ARLINGTON, Va. — With U.S. Marine forces poised off the coast of Liberia, U.S. military leaders have called off participation in this round of Bright Star, a monthlong, multinational exercise in Egypt, officials said.

Two Defense Department officials, who spoke Friday on the condition of anonymity, independently confirmed that Pentagon leadership ended the Marine Corps’ participation, which every two years commits roughly 2,200 Marines from an East Coast Marine Expeditionary Unit to the fall training that this year was scheduled for Oct. 8 through Nov. 1.

Marines from the 26th Marine Expeditionary Unit, from Camp Lejeune, N.C., were slated to participate in Bright Star, but have been sitting off the coast of Liberia in west Africa for about a week.

“There are no orders for any forces to go into Liberia other than the seven” who landed Wednesday in the capital of Monrovia to provide security backup for a 500-soldier contingency of Nigerian peacekeepers, said Marine spokesman Capt. Shawn Turner, who had heard rumblings of the cancellation, but as of Friday, had not been given the official word.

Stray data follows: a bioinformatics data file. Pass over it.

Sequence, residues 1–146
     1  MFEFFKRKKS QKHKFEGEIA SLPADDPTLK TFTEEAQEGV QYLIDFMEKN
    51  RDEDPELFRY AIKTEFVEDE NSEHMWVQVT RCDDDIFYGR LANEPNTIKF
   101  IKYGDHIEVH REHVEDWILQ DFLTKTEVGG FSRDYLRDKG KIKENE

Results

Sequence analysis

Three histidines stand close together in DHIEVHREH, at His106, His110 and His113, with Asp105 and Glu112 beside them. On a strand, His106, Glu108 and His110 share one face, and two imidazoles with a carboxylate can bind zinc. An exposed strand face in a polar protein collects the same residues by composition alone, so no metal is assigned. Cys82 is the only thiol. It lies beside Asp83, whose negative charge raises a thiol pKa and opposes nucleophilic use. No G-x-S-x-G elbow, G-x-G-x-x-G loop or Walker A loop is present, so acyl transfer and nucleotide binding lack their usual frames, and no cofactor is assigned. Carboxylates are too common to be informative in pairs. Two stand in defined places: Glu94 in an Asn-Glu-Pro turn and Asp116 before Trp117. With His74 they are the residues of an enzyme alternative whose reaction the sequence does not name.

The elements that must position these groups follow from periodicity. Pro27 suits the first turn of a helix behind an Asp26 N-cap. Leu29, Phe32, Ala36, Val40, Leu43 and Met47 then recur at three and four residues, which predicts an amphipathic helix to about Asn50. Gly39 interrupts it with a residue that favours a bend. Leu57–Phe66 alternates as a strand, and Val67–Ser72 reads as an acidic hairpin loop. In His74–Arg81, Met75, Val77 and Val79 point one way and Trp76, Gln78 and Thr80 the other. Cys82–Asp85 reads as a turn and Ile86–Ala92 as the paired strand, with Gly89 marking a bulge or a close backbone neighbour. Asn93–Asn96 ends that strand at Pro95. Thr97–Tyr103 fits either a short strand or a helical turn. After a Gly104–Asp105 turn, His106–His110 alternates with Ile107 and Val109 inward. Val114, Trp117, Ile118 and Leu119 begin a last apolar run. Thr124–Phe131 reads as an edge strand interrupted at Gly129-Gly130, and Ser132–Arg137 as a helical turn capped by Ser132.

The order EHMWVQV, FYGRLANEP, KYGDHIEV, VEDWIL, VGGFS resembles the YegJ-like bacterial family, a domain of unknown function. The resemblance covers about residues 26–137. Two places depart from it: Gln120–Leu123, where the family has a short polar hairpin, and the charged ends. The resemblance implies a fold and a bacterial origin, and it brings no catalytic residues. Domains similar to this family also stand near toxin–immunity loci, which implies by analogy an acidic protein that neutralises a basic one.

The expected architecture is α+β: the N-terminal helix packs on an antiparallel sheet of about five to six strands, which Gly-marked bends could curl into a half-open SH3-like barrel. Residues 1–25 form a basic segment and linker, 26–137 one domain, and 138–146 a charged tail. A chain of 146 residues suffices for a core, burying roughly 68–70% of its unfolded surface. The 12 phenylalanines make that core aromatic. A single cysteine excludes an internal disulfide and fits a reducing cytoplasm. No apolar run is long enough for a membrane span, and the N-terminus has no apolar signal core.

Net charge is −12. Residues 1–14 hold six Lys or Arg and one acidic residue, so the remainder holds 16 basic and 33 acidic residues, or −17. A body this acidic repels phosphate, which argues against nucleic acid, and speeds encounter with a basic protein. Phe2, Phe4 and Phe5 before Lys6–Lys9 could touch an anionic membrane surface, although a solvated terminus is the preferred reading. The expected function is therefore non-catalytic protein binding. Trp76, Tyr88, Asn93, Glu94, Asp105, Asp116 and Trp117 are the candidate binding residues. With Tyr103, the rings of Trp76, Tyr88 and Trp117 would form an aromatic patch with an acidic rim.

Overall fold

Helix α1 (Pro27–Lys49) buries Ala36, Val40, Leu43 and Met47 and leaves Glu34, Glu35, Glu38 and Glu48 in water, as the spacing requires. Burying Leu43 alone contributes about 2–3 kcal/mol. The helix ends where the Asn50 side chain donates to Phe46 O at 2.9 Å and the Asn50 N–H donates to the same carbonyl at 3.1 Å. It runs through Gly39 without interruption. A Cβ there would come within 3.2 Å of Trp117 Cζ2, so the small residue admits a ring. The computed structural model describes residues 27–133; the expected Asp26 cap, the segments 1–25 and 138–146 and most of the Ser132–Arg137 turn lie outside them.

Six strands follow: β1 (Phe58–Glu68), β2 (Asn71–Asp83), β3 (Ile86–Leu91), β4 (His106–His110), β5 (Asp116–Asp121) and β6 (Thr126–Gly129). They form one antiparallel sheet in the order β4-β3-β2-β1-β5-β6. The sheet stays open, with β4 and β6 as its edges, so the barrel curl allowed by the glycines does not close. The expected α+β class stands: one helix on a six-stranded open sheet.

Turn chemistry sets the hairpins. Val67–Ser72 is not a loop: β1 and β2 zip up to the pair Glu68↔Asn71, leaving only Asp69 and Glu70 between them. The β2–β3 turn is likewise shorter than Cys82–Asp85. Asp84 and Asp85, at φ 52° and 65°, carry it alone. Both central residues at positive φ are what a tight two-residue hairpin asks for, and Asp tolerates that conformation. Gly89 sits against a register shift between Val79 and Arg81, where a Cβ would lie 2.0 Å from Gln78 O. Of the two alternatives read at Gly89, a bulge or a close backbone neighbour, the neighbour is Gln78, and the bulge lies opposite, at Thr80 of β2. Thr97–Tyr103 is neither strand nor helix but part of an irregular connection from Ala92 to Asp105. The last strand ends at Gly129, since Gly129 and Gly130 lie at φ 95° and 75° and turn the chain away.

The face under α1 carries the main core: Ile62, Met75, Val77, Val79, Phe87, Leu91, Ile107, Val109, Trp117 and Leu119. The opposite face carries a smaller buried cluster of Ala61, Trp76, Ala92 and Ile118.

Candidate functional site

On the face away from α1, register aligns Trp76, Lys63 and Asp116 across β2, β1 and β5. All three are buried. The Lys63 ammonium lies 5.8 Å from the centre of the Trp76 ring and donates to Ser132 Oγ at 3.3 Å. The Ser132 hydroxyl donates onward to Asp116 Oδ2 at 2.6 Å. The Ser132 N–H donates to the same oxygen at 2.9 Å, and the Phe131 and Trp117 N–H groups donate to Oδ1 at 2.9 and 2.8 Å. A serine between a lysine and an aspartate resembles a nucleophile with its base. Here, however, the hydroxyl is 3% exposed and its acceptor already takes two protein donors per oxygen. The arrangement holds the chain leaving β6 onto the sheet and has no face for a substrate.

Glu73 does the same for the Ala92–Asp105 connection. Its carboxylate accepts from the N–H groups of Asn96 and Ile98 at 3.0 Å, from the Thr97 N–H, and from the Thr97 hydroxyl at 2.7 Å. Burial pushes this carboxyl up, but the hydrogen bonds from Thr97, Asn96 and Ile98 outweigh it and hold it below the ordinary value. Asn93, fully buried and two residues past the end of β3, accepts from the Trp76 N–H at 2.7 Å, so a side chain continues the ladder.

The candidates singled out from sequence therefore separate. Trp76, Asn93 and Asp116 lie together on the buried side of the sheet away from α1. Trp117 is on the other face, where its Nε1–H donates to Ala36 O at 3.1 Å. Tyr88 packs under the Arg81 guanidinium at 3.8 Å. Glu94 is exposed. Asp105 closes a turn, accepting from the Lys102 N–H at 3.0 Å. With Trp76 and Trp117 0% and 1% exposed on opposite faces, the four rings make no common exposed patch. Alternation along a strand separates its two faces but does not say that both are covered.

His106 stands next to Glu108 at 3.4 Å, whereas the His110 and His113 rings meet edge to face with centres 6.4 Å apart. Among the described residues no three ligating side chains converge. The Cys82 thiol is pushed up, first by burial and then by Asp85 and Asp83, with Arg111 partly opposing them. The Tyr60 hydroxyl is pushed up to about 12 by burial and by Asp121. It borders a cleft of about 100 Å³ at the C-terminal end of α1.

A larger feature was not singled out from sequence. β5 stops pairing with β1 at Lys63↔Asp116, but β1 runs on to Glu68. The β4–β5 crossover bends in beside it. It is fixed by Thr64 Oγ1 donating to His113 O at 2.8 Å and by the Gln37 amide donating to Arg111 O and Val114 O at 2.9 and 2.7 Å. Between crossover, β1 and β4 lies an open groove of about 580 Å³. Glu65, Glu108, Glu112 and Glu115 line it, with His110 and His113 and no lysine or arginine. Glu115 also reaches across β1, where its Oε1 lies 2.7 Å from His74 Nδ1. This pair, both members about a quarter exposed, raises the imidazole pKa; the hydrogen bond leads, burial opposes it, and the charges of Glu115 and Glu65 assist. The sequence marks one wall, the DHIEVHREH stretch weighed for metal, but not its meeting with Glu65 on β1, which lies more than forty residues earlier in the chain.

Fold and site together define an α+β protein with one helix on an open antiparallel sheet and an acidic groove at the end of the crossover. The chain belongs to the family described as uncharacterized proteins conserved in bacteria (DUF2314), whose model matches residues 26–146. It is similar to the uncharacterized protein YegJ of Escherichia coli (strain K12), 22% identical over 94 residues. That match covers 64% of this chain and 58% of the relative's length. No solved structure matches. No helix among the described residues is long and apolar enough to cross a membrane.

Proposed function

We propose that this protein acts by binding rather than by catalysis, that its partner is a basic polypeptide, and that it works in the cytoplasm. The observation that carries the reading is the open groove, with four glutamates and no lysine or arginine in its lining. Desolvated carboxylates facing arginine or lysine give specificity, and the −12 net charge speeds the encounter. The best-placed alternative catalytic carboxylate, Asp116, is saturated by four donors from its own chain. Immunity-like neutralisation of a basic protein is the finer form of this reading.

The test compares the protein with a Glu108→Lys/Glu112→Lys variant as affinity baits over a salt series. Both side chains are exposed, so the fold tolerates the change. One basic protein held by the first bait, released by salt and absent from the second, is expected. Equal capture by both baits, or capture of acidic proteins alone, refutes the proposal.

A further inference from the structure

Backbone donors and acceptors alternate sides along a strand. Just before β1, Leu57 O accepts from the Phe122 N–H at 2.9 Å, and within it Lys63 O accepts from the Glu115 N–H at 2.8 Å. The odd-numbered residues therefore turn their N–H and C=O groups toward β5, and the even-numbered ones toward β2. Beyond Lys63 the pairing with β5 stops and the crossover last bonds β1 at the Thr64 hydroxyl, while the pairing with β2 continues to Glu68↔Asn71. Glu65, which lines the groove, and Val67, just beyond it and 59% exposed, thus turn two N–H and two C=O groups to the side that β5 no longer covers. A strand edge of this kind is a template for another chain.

“But we’re constantly looking at the situation and conventional thinking is that we have to maintain those forces in place,” Turner said.

Three ships of the USS Iwo Jima Amphibious Ready Group are sitting roughly 40 miles off Liberia’s coast.

Bright Star is aimed at promoting regional stabilization and gives the coalition militaries a chance to strengthen strategic operational and tactical missions.

The U.S. military has conducted it with the Egyptian government since 1981. From the United States, only the Marine Corps participates, and the exercise tests the Marines’ air, naval and ground capabilities.

This year, the cancellation will not greatly hurt the Marines, since they have gotten a taste of real-world experiences. The 26th MEU deployed March 5 from North Carolina and has participated in combat missions in Mosul, Iraq, and has since participated in exercises in Albania and Djibouti.

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